Mr. Salama helps steady the meter stick as the students
determine the shadow length.
Shafi Ahsanul gave the summary report.

video

In May, the class will go on the field trip and use Al-Biruni's method for determining the circumference of the earth. I'm looking forward it.
Diagram illustrating a method proposed and used by Al-Biruni
to estimate the radius and circumference of the Earth

Friday, March 28, 2014

Access and Equity in Mathematics Education - Where's the Technology?

This week I received the following email. I want to share it with the CLIME community. Please read and comment. Mine is the first one.
Ihor Charischak

NCTM At-Large Affiliate Presidents:
Over the past two years, NCTM has been working to revise its position statement on equity.  As part of this process, it was suggested that each of you be invited to review and comment on the statement from the perspective of your organization.  The attached statement reflects the work of NCTM Board members and some discussions among the Board.  You are invited to submit your comments for the consideration of the authors and the NCTM Board.  We would appreciate your comments by April 3.

Kind regards,
Ken Krehbiel
Associate Executive Director for Communications
National Council of Teachers of Mathematics

Access and Equity in Mathematics Education
A Position of the National Council of Teachers of Mathematics
(Note: Work in Progress - not final version - for review only)

Question
What does creating, supporting and sustaining a culture of access and equity in the teaching and learning of mathematics require?

NCTM Position
Creating, supporting, and sustaining a culture of access and equity requires being responsive to students’ backgrounds, experiences and knowledge when designing, implementing, and assessing the effectiveness of a mathematics program. Acknowledging and addressing factors that contribute to differential outcomes among groups of students is critical to ensuring that all students routinely have opportunities to experience high-quality mathematics instruction, learn challenging mathematics content, and receive the support necessary to be successful. Addressing equity and access includes both ensuring that all students attain mathematics proficiency and increasing the numbers of students from all racial, ethnic, gender, and socioeconomic groups who attain the highest levels of mathematics achievement.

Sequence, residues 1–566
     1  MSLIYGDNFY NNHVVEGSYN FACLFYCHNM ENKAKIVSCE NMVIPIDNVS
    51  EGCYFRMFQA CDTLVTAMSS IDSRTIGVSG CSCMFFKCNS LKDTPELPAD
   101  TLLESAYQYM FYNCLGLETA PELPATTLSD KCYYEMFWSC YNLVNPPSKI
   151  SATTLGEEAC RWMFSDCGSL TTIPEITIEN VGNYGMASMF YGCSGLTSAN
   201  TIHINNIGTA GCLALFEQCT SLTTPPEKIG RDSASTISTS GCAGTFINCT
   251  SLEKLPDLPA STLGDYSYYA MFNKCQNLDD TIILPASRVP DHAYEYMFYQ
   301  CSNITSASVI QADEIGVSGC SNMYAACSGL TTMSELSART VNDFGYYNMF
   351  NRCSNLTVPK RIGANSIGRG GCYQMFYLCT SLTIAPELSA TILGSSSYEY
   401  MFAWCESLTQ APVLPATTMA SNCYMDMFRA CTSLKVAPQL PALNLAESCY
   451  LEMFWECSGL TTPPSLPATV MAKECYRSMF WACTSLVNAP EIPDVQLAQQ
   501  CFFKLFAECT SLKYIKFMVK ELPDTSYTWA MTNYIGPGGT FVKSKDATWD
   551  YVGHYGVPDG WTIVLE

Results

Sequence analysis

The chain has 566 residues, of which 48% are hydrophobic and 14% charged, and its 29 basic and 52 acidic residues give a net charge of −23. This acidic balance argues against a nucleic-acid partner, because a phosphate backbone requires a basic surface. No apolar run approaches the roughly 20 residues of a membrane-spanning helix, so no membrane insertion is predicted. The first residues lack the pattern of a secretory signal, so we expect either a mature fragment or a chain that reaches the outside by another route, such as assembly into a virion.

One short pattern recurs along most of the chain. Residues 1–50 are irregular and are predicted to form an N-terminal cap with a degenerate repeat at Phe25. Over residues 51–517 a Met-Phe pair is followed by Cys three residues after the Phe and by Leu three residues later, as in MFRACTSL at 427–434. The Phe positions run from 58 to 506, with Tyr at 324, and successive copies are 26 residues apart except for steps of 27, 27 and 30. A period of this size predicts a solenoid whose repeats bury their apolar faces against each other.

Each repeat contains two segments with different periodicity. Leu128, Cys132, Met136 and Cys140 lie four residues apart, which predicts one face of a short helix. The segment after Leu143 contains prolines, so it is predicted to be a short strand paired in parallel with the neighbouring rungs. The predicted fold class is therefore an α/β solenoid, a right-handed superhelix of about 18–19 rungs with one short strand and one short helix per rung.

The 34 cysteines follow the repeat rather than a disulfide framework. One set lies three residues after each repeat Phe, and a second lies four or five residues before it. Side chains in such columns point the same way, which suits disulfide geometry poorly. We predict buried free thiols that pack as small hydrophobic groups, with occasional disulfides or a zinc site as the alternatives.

The practices of access and equity include, but are not limited to, high expectations, access to high-quality mathematics curriculum and instruction, adequate time for students to learn, appropriate emphasis on differentiated processes that broaden students’ productive engagement with mathematics, and the strategic use of human and material resources. When access and equity have been addressed well, student outcomes—including achievement on a range of mathematics assessments, disposition toward mathematics, and persistence in the mathematics pipeline—cannot be predicted by students’ racial, ethnic, linguistic, gender, and socioeconomic backgrounds.

Achieving equity with respect to student learning outcomes by closing existing learning gaps and increasing opportunities to learn requires that educators at all levels operate with belief that all students can learn, focus on ensuring that all students have access to high-quality instruction, challenging curriculum, exciting extracurricular opportunities and the differentiated supports and enrichment opportunities necessary to support student success at continually increasing levels.

To provide access and equity requires all stakeholders to monitor the extent to which all students have access to challenging mathematics curriculum taught by skilled and effective teachers who differentiate instruction as needed, monitor student progress and make needed accommodations, and offer remediation or additional challenges when appropriate.  To do this effectively, teachers must work collaboratively with others educators, including special education, gifted education, and ELL teachers, to ensure that all students have the support needed to maximize their success in the mathematics classroom. In addition, teachers need to collaborate with colleagues to implement the effective teaching practices to promote a growth mindset in their classrooms and school.


Districts and schools must review policies to ensure that systemic practices are not disadvantaging a particular group of students based on assumed stereotypes. This should include a review of the use and impact of tracking, protocols for student placement in mathematics, regular opportunities for both remediation and enrichment, and student outcomes, including persistence within the PreK-12 mathematics pipeline over time.